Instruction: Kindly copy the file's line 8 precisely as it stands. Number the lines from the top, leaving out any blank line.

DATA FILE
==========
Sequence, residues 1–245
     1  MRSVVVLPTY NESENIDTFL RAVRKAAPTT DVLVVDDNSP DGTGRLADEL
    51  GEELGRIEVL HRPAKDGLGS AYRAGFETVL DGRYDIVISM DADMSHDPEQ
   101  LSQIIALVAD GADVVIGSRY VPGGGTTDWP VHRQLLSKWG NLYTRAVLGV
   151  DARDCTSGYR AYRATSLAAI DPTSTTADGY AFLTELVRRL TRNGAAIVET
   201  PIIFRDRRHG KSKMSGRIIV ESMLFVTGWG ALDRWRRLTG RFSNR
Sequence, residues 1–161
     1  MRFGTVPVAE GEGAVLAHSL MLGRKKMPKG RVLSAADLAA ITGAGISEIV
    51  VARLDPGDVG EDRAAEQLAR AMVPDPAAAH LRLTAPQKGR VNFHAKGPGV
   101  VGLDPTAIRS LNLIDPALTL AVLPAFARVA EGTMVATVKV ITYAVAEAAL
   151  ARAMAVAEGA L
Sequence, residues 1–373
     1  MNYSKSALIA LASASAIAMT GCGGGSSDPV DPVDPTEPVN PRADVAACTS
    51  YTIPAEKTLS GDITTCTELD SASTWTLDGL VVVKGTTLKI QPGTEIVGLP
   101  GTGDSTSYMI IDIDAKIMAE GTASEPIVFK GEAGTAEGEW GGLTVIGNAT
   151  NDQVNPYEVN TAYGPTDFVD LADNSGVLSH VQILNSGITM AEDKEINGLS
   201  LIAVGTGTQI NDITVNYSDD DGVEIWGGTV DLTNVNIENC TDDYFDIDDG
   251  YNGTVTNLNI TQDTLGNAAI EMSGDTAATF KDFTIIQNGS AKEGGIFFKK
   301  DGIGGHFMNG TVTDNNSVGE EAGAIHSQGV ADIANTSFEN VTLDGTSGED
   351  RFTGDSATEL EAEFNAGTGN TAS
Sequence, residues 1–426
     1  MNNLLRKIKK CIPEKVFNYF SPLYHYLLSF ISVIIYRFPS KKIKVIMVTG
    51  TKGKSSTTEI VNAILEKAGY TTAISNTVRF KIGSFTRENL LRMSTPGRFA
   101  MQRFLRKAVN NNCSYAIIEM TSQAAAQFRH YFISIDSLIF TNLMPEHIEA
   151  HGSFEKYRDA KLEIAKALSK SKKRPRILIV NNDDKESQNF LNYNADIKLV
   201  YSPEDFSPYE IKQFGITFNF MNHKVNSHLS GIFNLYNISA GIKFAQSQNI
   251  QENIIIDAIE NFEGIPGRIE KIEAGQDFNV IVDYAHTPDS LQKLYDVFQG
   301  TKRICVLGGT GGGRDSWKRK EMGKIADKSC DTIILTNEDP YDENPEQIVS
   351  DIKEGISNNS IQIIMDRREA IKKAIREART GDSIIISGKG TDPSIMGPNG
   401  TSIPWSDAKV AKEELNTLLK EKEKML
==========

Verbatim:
     1  MRFGTVPVAE GEGAVLAHSL MLGRKKMPKG RVLSAADLAA ITGAGISEIV